Hopefully the focus of the Chinese education system is more on research on what works best in educating children for the global society.

    In Europe, the additional languages are typically not introduced until 3rd or 4th grade, after children have acquired literacy–being able to READ to LEARN–in their first languages. A good foundation in one\’s home/first language leads to success in acquiring additional languages, including academic registers of those languages.

    In countries such as Norway, Sweden, Finland, and France, the children learn their own languages AND they grow up to be fluent speakers of English and other languages. Those who become foreign language teachers are fully trained to teach in those languages.

    Countries that aim to prepare their children for the global economy should study why European countries are so successful in turning out multilingual adults.

    It is because of good education policies beginning in preschool coupled with HOW additional languages are taught, not how young the children are when they start learning additional languages.

    If governments can distill this for parents, maybe they will concentrate their efforts on giving their children a good educational foundation rather than piling counter-productive linguistic pressures on them.

    Since I wrote the above to SCMP, I have been reading articles and books about Hong Kong\’s education system. The chapters by Dr. Amy Tsui in the two books below are especially enlightening. Despite the numerous studies in Hong Kong going back to the 1970s that children learn additional languages best when they have acquired literacy their first languages (or a similar language first) politics took precedence over research-informed policies.

    Countries that were not former colonies in the same way as Hong Kong, India, and African nations have also been pushing English as medium of instruction, with results similar to what you describe in Egypt.

    Tsui, A.B.M. & Tollefson, J. W. (Eds.). (2007). Language Policy, Culture, and Identity in Asian Contexts. Mahwah, NJ: Lawrence Erlbaum Associates.

    Tollefson, J. W. & Tsui, A.B.M. (Eds.). (2004). Medium of Instruction Policies: Which Agenda? Whose Agenda? Mahwah, NJ: Lawrence Erlbaum Associates.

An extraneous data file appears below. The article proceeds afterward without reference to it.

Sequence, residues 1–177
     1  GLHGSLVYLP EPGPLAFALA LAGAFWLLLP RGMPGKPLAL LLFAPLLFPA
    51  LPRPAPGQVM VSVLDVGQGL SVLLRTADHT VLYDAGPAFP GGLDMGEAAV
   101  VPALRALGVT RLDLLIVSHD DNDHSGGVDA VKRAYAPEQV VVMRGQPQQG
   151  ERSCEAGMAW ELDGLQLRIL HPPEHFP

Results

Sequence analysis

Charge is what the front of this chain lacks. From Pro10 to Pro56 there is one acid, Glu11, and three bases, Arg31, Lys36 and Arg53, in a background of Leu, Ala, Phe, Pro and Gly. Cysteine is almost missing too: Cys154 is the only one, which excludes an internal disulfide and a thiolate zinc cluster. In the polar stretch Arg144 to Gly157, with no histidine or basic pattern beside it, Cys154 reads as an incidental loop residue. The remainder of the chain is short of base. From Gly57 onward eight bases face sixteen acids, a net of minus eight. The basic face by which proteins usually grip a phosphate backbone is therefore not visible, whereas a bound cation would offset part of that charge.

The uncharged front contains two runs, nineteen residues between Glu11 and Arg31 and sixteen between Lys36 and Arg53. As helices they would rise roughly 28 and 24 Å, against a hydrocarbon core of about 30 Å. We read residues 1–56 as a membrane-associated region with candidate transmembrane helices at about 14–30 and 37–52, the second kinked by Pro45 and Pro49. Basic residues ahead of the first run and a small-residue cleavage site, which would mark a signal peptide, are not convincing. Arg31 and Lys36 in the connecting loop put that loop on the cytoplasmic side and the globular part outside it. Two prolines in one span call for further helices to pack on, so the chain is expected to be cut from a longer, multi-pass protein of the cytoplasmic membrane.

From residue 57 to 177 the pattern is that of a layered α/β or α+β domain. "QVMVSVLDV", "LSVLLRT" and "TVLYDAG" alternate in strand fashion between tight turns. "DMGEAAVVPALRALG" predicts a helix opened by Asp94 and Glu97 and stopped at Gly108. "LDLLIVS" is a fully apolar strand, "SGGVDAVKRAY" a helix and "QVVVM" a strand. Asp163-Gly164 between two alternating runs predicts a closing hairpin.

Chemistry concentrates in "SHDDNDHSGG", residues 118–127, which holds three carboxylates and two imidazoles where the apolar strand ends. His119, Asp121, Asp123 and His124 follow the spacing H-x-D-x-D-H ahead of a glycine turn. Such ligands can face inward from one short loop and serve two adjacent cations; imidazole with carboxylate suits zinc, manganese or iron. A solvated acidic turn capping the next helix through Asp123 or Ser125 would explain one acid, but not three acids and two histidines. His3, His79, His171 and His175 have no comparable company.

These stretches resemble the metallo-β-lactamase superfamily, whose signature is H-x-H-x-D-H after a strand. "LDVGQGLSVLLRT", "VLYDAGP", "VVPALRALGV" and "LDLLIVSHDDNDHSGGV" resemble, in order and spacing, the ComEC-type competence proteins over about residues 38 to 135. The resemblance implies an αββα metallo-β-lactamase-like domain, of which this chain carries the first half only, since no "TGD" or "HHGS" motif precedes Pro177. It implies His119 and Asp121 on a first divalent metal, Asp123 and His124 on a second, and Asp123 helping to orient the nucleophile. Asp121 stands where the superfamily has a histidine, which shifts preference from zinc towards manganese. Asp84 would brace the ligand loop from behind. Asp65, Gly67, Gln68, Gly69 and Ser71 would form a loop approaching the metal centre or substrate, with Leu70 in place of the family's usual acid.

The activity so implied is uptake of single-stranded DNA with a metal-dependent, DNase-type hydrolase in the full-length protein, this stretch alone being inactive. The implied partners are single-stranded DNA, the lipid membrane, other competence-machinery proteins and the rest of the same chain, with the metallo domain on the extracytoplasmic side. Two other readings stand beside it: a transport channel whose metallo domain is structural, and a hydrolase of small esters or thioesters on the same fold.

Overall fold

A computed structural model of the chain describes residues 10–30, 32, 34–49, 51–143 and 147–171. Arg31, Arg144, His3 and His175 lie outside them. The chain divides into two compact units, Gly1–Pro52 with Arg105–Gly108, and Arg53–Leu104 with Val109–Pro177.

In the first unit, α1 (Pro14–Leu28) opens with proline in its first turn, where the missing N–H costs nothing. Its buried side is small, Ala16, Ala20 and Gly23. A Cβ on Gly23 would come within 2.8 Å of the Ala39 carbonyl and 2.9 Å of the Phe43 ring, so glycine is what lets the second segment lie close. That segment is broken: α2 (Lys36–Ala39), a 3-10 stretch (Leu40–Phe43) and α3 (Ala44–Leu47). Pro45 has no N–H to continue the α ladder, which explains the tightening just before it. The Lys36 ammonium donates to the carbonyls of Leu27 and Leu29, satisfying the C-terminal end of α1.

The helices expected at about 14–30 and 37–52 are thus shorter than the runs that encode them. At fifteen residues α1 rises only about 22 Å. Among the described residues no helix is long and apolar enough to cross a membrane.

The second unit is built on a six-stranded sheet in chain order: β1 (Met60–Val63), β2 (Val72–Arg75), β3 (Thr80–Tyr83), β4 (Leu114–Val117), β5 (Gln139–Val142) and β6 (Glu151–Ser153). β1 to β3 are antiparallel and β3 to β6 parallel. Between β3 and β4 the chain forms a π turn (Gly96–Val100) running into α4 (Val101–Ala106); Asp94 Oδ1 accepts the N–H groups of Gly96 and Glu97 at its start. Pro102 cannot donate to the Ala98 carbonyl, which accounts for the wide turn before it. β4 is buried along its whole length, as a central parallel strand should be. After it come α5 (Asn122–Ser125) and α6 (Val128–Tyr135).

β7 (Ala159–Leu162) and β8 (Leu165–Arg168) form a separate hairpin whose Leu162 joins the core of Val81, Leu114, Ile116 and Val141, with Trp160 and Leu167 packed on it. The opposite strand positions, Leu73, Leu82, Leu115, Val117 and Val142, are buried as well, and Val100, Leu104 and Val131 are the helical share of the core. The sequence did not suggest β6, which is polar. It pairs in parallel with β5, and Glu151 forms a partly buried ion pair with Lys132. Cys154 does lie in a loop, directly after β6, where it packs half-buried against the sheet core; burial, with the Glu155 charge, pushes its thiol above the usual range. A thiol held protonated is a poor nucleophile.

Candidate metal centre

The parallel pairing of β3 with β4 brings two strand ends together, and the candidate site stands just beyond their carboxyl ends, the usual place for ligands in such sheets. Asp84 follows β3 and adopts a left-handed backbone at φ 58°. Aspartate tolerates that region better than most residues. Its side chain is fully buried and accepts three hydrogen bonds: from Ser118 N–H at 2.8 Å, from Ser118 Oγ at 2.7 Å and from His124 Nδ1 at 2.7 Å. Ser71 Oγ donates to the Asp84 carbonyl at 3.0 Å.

3. Larry Dow says:

    Education is changing, the old factory style of lecturing and teachers providing information for an entire class are chaning. In most countries that mandate English language learning in primary school they probably still use some form that is close to this. For children to learn English they have to have a reason, there has to be an opportuinity to use it outside of class, it has to be interesting and engaging.
    Blended learning solutions are being implemented worldwide in all shapes and forms, technology is an important component which allows students to learn on their own while teachers have more free time to provide higher level teaching to all the students. Technology can range from showing movies to using the latest educational technology.
    The latest education technology includes gaming techniques with reward systems and multi person interactions, It includes social media opportunities, project based learning and child safe ways to meet other children online. It includes curriculum that is engaging, motivating and relevent to children. It uses data to analyze each childs results and automatically create individualized lessons for each student.
    Education technology works, it doesn’t replace good teachers but it allows good teachers to reach more students and it allows more teachers to become better teachers.
    Young children learning English worldwide deserve a better way to learn English and then more will actually learn it.
    My opinion is not based on a long career of teaching English to children and I therefore greatly value the opinions and advice of those who have been working in the field.